The boys in Delhi attend meetings where they discuss issues like health care and police harassment. If one of their members is attacked, they go to the employers and police chiefs as a group to complain.

Earlier in the year, the red-turbaned coolies at Delhi station alleged that the boys were after their jobs and asked the police to remove them. The boys arranged a meeting, explained that they were rubbish collectors, not porters and the coolies backed off.

These are two of the growing number of working children's collectives which make up India's National Movement of Working Children.

The boys' newspaper battle

The boys even have a monthly newspaper. Anuj presides over the editorial meetings where they decide to write articles which will, they hope, make people more sympathetic.


We write so that people will understand our problems and so that they know that working children too have rights

Anuj
They run articles entitled: "Why children run away from home" and "Why street children have to work". The paper is published as a wall poster with the help of a local charity called Butteflies.

"We write so that people will understand our problems and so that they know that working children too have rights."

Armed with buckets of home-made glue, and with the rolls of the latest edition tucked under their arms, the boys venture out to the poster hanging districts of Delhi.

Pasting newspaper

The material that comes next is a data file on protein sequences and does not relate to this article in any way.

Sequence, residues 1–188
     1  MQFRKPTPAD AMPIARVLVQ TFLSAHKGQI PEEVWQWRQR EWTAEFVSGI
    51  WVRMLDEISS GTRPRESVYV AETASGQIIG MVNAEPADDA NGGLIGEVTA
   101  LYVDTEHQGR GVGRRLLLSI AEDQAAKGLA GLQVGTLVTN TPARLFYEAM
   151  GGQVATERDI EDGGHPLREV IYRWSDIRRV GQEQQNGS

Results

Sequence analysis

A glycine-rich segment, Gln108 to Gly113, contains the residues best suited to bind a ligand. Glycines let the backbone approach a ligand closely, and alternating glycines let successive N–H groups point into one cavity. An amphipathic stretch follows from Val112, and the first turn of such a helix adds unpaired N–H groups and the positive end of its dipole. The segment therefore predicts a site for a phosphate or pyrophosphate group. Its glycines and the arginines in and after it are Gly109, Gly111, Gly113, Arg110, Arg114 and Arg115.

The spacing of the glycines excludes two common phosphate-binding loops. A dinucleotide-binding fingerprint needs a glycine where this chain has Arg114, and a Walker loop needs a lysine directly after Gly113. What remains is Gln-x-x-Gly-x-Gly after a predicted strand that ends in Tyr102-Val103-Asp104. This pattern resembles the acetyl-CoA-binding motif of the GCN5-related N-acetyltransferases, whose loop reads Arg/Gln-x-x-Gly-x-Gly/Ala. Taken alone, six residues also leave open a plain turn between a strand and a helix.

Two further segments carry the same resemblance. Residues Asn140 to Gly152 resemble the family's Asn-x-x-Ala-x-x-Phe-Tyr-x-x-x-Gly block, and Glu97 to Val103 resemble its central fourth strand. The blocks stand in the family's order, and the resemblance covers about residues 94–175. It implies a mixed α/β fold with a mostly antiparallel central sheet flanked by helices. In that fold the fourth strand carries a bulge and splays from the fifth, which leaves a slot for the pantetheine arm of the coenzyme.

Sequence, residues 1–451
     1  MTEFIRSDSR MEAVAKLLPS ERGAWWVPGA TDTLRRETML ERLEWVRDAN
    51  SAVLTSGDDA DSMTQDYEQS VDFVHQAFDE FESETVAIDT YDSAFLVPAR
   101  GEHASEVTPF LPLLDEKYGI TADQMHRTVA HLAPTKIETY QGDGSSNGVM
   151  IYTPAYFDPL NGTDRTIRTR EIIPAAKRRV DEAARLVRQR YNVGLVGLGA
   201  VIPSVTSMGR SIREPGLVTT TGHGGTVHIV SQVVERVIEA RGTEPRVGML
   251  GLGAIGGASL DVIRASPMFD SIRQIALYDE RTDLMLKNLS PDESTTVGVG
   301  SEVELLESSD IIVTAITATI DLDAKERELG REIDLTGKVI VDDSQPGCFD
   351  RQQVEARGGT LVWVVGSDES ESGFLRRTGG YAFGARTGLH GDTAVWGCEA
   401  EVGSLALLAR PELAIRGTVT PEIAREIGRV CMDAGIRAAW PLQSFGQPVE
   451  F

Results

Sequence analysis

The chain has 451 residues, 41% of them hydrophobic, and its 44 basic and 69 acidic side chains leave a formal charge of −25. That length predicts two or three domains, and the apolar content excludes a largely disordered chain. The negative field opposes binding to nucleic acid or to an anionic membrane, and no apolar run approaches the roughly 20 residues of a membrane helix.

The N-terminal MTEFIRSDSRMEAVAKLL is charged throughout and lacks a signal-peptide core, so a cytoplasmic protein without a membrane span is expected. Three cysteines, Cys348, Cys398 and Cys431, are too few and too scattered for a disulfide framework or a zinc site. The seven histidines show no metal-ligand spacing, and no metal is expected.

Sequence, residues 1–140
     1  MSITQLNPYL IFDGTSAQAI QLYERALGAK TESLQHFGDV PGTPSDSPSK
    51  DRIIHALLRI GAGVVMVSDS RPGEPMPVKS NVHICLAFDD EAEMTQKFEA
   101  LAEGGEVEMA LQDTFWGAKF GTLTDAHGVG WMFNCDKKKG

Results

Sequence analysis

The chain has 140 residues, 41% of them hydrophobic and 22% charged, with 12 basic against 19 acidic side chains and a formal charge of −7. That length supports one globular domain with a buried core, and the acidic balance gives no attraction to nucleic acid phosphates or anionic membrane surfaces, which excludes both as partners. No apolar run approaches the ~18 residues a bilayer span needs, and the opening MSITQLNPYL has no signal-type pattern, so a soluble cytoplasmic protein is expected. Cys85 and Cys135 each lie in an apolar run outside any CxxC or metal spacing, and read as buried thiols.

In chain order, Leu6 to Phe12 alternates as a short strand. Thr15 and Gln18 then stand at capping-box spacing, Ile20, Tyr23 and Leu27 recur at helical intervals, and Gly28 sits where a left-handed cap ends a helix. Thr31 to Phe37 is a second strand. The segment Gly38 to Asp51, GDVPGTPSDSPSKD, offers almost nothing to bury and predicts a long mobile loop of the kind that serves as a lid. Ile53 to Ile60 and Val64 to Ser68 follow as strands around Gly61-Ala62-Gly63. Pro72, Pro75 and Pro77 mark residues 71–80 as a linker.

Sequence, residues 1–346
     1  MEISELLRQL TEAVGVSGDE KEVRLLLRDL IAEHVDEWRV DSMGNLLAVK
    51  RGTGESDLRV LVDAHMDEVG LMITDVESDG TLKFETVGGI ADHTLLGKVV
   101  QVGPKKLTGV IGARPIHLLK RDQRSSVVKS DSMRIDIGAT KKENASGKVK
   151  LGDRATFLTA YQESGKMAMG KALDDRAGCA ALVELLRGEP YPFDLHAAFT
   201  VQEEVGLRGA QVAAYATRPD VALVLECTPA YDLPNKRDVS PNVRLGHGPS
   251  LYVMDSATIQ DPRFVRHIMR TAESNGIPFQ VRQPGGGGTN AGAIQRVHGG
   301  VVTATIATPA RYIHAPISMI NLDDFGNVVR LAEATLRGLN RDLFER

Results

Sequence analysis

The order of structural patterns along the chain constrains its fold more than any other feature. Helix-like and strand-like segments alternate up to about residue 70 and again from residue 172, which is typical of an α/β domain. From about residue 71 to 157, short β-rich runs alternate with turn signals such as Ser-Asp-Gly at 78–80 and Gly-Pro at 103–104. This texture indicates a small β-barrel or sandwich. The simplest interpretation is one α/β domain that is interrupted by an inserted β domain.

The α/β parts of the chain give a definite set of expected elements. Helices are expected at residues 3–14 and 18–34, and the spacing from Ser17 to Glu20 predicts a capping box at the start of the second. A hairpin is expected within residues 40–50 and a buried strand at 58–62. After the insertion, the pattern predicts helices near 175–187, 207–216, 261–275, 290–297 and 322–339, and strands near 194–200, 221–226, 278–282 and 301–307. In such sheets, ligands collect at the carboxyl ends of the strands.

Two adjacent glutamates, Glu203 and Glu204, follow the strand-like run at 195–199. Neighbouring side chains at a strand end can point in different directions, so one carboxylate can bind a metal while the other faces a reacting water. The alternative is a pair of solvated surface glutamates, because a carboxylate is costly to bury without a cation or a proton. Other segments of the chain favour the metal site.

In Delhi the boys paste latest editions of their newspaper on the walls.
They work furiously, pasting the wall with speed and determination, convinced that if only they can get these articles read then people will stop attacking them.

The police disagree. They surround the boys and start tearing the posters down. I ask the police officer in charge what the problem is. He demands that they get permission in writing to put the papers up.

A couple of months ago the boys were taken en masse to the police station where they were accused of being paid to put up the papers.

The boys were furious and explained that it was their paper, they write the reports and no one pays anyone. While the boys say that they just want to explain their lives, the police suspect conspiracy and subversion.

That is the view of many of the organisations in Delhi whose remit is to help children.

Kailash Satyarthi
Kailash Satyarthi of the South Asia Coalition Against Child Servitude believes that there are "masterminds" behind the children's unions, some misguided people who have "romantic ideas about child labour."

"They accept that child labour is a reality and that it will continue. That is absolutely pessimistic. We must all be totally against child labour."

No-one listens

The girls are arguing for their rights as workers and as consumers. But, when they march barefoot into town to confront the officials at the water board, they are fobbed off and sent from one building to another.